The Kentucky Department of Education released Kentucky schools’ results on its new accountability system, and the results show that students in some Floyd County Schools — once a “District of Distinction”— are struggling academically.
Floyd County Schools received two out of five “stars” in this system, which highlights achievement gaps between low income and wealthy students, an increase in the number of students who have “little to no understanding” of subjects and a decrease in the number of students who score proficient or distinguished on state tests.
The new rating system, developed over a four-year period following the 2015 passage of the federal Every Student Succeeds Act, assesses schools and districts on performance on the 2018-2019 Kentucky Performance Rating for Educational Progress, or KPREP, test scores, as well other measures.
School and districts earned between one and five stars for tests scores in math, reading, social studies, science and writing, as well as academic growth and progress, transition (or career) readiness and graduation rates. On Monday, Kentucky Education Commissioner Wayne Lewis held a press conference to discuss the results. He explained that these star ratings are more than just test scores.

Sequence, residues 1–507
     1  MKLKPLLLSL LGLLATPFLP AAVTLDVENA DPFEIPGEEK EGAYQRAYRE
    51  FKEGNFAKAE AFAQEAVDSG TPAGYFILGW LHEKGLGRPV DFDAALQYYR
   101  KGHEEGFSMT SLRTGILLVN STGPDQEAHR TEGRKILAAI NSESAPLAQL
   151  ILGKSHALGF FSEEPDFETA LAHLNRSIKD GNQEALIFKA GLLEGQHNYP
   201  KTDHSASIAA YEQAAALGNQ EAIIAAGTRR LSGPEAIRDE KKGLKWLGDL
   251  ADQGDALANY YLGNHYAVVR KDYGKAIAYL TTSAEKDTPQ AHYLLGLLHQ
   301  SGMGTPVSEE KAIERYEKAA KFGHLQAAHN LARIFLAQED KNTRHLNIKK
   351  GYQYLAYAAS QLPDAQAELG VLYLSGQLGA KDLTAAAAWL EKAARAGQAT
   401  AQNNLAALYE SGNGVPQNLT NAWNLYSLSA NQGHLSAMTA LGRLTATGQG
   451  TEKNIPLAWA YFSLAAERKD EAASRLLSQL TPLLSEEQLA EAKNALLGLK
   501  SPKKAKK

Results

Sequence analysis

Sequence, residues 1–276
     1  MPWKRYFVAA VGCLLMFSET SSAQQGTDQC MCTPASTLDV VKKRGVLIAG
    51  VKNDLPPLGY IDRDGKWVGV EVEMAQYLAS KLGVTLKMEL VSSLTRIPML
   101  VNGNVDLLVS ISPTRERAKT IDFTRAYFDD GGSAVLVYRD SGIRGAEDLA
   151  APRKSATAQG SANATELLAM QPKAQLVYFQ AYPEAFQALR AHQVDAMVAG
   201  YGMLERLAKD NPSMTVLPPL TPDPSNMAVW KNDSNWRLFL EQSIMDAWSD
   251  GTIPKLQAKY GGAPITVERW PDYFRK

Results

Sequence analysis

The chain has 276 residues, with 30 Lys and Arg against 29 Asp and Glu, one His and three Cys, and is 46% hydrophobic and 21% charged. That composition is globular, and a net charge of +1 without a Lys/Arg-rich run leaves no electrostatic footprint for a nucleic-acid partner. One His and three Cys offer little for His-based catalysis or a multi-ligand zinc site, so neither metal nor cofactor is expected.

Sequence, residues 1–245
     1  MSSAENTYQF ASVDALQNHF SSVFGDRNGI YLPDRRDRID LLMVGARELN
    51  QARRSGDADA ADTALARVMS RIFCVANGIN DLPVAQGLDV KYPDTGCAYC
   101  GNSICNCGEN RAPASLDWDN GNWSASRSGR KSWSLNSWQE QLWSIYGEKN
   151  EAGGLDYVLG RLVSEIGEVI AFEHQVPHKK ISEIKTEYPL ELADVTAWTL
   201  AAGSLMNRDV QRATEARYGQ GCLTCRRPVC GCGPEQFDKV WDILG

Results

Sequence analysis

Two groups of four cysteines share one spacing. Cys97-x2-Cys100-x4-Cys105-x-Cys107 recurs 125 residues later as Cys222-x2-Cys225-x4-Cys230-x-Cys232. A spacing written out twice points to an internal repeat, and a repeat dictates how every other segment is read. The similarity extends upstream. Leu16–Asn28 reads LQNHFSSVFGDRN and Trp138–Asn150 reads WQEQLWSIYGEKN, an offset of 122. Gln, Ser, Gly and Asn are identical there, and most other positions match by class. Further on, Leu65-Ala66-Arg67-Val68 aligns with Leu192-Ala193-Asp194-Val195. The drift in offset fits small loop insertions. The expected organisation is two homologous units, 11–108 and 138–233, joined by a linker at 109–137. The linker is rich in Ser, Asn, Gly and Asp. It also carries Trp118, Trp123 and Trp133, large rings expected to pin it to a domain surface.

He said in elementary and middle schools, a school’s growth rate — how much a student improves over a one-year period — makes up 35 percent of the overall rating. In high schools, transition — or the ability of a student to transition into a college or a career — makes up 35 percent of the score.
In this new system, Floyd County high schools ranked “very low” on accountability scores and for transition readiness, while county elementary and middle schools ranked “very low” for growth.
Only 56 of the 1,272 schools in Kentucky earned 5-Star ratings. The KDE reports that 233 schools earned 4-Star ratings, 643 earned 3-Star ratings, 251 earned 2-Star ratings and 89 earned 1-Star ratings. Lewis described 4-Star and 5-Star schools as “exceptional” and said 3-Star schools are “at the least, a pretty good school.”
The Floyd County schools collectively received two stars. Three stars were given to May Valley Elementary, Allen Elementary and middle school classes at Allen, Duff-Allen Central, John M. Stumbo and South Floyd elementary schools.